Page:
FORT JACKSON, S.C. -- The annual IMCOM Atlantic Region Best Warrior Competition took place last week at Fort Jackson, bringing 19 Soldiers from posts around the Atlantic seaboard to compete for the title of "best warrior."

The event tested the mettle of Soldiers from nine installations, who competed in a variety of training exercises over the four-day event. In the end, Sgt. Ryan Mason, of Fort Drum, N.Y., was the IMCOM Atlantic Region NCO of the Year, and Spc. Keef Turner, USAG West Point, N.Y., was Soldier of the Year.

"It definitely took a lot of time and dedication," Turner said. "Without my leadership and my own dedication it wouldn't have happened. I want to thank my leadership, I want to thank IMCOM for having the competition to test my warrior skills, so now I know exactly where I'm strong and where I'm weak."

IMCOM Atlantic Region Command Sgt. Maj. Charles Durr said the event was about individual and unit pride.

"These warriors are challenged both mentally and physically," Durr said. "They have to take a written examination that tests their combat skills, (as well as) their oral and written communications. It's not just about the physical aspects. Each of these warriors is tested mentally, as well."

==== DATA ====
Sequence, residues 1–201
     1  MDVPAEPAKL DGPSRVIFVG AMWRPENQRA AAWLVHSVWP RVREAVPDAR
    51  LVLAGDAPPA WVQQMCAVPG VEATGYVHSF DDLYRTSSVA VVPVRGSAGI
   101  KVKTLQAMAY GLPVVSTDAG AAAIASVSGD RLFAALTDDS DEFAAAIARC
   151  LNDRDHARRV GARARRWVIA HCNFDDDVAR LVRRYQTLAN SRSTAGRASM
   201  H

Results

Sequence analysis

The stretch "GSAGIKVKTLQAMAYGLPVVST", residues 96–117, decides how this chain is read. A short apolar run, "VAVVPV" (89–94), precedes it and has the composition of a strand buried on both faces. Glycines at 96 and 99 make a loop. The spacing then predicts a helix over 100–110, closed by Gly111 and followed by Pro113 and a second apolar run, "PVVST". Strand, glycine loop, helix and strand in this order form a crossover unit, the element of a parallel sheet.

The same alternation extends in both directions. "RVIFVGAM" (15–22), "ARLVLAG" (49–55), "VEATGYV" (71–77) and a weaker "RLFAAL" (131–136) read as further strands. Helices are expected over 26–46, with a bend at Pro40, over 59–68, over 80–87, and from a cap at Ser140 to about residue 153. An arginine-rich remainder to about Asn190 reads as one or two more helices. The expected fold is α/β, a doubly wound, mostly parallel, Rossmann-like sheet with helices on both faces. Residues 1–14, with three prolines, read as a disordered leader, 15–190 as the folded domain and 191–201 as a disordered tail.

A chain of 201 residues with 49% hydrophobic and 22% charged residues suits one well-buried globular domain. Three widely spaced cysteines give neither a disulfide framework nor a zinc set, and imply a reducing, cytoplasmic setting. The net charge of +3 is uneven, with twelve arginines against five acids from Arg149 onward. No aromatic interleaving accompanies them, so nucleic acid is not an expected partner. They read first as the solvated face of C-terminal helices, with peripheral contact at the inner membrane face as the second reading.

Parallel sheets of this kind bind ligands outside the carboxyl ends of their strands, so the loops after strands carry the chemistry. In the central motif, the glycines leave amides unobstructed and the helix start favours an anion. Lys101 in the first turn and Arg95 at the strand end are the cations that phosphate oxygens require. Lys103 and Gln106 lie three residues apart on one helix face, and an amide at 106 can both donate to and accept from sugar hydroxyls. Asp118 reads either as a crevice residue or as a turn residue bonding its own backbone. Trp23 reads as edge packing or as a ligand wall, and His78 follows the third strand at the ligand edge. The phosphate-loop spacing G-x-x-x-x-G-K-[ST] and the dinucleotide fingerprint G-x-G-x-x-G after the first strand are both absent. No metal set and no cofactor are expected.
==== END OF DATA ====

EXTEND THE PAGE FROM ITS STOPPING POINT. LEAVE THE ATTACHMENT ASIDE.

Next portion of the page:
"It was a really challenging and realistic training competition," said Staff Sgt. Jerry Price, a chaplain's assistant who was the lone representative of Fort Jackson in the competition. The four-day event took its toll mentally and physically, he said.

"You have to just put your mind to whatever event it is and take it one day at a time," he said. "It helped me improve my strengths and all of my weaknesses. It was real good training."

"It shows you your strengths and weaknesses, because everybody has both," Turner said. "I think it helps as far as ... giving Soldiers motivation to do something great, regardless of if they win or lose. The fear of the unknown is always scary. I encourage everyone to just come out and do it, because it can be done."

Davis Tindoll, director of the IMCOM Atlantic Region, said that successes are often created by previous failures.

"The simple fact that you've stood up and said 'I will compete,' you have proven ... you are a professional," Tindall said. "Every profession -- doctor, lawyer, Soldier -- has certain creeds to live by. Part of it is constant improvement. You constantly seek ways to make yourselves better.

"The only way to achieve success, it sometimes take many failures," Tindall said. "Nobody failed here today, because you've led your organization, your particular garrison, to come here for this event."